Alec Guinness: Before Obi-Wan Kenobi, there were the eight D’Ascoyne family members (photo: Alec Guiness, Dennis Price in ‘Kind Hearts and Coronets’) (See previous post: “Alec Guinness Movies: Pre-Star Wars Career.”) TCM won’t be showing The Bridge on the River Kwai on Alec Guinness day, though obviously not because the cable network programmers believe that one four-hour David Lean epic per day should be enough. After all, prior to Lawrence of Arabia TCM will be presenting the three-and-a-half-hour-long Doctor Zhivago (1965), a great-looking but never-ending romantic drama in which Guinness — quite poorly — plays a Kgb official. He’s slightly less miscast as a mere Englishman — one much too young for the then 32-year-old actor — in Lean’s Great Expectations (1946), a movie that fully belongs to boy-loving (in a chaste, fatherly manner) fugitive Finlay Currie. And finally, make sure to watch Robert Hamer’s dark comedy Kind Hearts and Coronets
See full article at Alt Film Guide »

All in Good Time – review

A classic 1960s working-class drama translates beautifully into a comedy of contemporary British Asian family life

All in Good Time is a touching, likable comedy of life in Lancashire's Hindu community. Though this aspect is little publicised, it's closely based on Bill Naughton's 1965 play of the same title.

Born in Ireland and raised in Bolton, Naughton emerged as a novelist and playwright in the late 50s in the wave of northern working-class writers like Shelagh Delaney, Keith Waterhouse, Alan Sillitoe, David Storey and Stan Barstow. But having been born in 1910 and worked for years as a coal-bagger, cotton-loom operator and lorry driver, Naughton belonged to an earlier generation and was altogether less chippy, aggressive, and self-consciously political about his background.

He enjoyed considerable success in the theatre and had three of his plays filmed, though his most enduringly popular work, the film version of Alfie, completely misrepresented Naughton's radio play,
See full article at The Guardian - Film News »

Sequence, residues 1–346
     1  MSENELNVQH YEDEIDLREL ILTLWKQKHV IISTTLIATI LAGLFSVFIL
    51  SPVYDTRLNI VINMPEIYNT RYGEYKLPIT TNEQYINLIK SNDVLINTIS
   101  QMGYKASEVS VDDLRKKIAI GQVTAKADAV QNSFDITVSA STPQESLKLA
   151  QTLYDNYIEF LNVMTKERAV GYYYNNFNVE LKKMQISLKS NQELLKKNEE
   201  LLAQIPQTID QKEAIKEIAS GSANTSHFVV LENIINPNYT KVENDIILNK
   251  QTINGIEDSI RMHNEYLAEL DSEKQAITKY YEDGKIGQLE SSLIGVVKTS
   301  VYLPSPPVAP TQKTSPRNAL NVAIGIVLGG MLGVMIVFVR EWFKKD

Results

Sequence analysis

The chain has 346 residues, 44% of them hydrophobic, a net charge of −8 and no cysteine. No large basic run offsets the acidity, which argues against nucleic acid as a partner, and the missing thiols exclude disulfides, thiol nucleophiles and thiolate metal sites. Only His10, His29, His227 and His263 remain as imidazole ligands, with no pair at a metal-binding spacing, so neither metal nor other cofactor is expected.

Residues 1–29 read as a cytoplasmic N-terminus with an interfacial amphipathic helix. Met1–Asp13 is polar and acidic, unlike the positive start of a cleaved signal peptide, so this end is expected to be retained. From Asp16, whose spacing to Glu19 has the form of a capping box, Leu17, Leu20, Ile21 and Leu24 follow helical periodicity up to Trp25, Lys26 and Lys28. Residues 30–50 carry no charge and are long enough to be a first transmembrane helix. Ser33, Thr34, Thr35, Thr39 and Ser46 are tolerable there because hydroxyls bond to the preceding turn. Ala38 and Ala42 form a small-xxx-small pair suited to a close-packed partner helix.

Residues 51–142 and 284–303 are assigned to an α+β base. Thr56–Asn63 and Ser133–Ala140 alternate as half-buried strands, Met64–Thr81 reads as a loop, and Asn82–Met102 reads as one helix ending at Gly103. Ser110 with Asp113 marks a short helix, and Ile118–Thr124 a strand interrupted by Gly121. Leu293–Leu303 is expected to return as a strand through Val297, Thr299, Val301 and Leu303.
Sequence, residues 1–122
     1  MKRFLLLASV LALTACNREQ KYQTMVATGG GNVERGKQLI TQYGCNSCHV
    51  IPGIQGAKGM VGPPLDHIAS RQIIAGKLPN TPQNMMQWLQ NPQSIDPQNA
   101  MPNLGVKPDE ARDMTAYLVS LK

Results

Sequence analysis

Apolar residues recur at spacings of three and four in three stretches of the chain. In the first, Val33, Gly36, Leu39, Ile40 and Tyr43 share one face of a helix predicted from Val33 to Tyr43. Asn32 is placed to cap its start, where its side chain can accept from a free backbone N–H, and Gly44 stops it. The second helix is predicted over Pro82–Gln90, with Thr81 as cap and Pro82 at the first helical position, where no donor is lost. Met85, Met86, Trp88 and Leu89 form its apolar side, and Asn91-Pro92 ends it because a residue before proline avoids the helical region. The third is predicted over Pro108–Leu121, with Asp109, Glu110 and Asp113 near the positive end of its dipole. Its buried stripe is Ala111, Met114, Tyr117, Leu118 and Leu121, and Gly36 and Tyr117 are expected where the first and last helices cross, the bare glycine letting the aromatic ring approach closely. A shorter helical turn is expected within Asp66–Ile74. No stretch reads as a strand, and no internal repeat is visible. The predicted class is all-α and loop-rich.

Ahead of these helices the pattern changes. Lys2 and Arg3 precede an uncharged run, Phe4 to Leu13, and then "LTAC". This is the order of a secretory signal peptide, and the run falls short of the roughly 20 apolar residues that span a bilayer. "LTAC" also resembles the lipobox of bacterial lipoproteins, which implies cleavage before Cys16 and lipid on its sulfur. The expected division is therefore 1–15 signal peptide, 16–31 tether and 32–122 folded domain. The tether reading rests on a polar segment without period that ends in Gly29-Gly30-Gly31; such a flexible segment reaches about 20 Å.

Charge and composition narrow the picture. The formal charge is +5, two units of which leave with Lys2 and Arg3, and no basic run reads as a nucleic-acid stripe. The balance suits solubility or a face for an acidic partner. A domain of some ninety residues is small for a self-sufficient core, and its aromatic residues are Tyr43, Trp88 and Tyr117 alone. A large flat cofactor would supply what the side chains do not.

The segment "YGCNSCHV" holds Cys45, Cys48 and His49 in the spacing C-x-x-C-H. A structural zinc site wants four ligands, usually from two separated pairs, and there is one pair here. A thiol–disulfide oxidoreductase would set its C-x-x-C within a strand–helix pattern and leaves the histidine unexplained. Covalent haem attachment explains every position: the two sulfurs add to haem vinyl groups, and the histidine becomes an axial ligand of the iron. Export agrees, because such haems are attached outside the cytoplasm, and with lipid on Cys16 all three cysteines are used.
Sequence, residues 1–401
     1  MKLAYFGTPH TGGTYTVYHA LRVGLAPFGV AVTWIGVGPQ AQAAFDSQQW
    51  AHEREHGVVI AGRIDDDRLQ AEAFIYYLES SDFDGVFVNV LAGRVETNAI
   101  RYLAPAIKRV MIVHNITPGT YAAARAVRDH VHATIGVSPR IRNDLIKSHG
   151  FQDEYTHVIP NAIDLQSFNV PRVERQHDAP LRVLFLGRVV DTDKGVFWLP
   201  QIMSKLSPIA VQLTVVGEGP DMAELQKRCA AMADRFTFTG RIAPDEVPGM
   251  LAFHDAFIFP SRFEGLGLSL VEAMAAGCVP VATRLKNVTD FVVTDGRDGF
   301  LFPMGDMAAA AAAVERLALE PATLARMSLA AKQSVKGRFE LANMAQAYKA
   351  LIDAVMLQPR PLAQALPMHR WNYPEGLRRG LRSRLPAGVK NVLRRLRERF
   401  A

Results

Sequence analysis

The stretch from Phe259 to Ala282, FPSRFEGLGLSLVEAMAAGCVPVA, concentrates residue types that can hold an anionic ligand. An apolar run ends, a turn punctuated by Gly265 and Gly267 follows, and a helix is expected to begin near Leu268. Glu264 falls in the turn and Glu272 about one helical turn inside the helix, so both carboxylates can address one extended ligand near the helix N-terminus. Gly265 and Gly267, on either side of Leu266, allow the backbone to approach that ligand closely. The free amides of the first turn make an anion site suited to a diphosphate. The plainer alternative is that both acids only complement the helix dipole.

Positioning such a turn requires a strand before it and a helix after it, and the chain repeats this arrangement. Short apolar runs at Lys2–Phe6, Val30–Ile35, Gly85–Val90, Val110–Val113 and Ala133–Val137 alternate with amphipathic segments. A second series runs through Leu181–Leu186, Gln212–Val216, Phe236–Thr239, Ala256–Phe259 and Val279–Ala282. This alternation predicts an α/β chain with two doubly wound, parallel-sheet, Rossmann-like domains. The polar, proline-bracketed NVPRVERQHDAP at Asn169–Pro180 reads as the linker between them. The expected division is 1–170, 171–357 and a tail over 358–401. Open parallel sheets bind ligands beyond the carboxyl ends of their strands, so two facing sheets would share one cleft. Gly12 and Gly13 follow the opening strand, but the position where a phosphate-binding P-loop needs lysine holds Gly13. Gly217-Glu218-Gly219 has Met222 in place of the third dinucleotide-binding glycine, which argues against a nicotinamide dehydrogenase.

DVD Playhouse--April 2012

DVD Playhouse—April 2012

By Allen Gardner

Extremely Loud & Incredibly Close (Warner Bros.) An eleven year-old boy (newcomer Thomas Horn, in an incredible debut) discovers a mysterious key amongst the possessions of his late father (Tom Hanks) who perished in 9/11. Determined to find the lock it matches, the boy embarks on a Picaresque odyssey across New York City. Director Stephen Daldry and screenwriter Eric Roth have fashioned a film both grand and intimate, beautifully-adapted from Jonathan Safran Foer’s novel, thought by most who read it to be unfilmable. Fine support from Jeffrey Wright, Sandra Bullock, John Goodman, Viola Davis and the great Max von Sydow. Also available on Blu-ray disc. Bonuses: Featurettes. Widescreen. Dolby and DTS-hd 5.1 surround.

Battle Royale: The Complete Collection (Anchor Bay) Adapted from Koushun Takami’s polarizing novel (compared by champions and detractors alike as a 21st century version of A Clockwork Orange) and set in a futuristic Japan,
See full article at The Hollywood Interview »

Review: Criterion Presents "David Lean Directs NOËL Coward" On Blu-ray And DVD

  • CinemaRetro
On Blu-ray and DVD

4-Disk Box Set

By Raymond Benson

Any fan of British cinema must celebrate Criterion’s deluxe packaging of David Lean’s first four films as a director. These collaborations with writer, performer, and “personality” Noël Coward are exemplary examples of the fine work made by the Two Cities Unit production house, which was formed during the Second World War. In each case, the films are presented in beautiful new high-definition digital transfers from the 2008 BFI National Archive’s restorations. And, as this is a review for Cinema Retro, the readers of which include many 007 fans, it must be pointed out that there is indeed a connection between the films (three of them, anyway) and Bond. Actress Celia Johnson was Ian Fleming’s sister-in-law (her husband was Ian’s older brother, Peter Fleming), and her daughters Kate Grimond and Lucy Fleming are currently on the Board of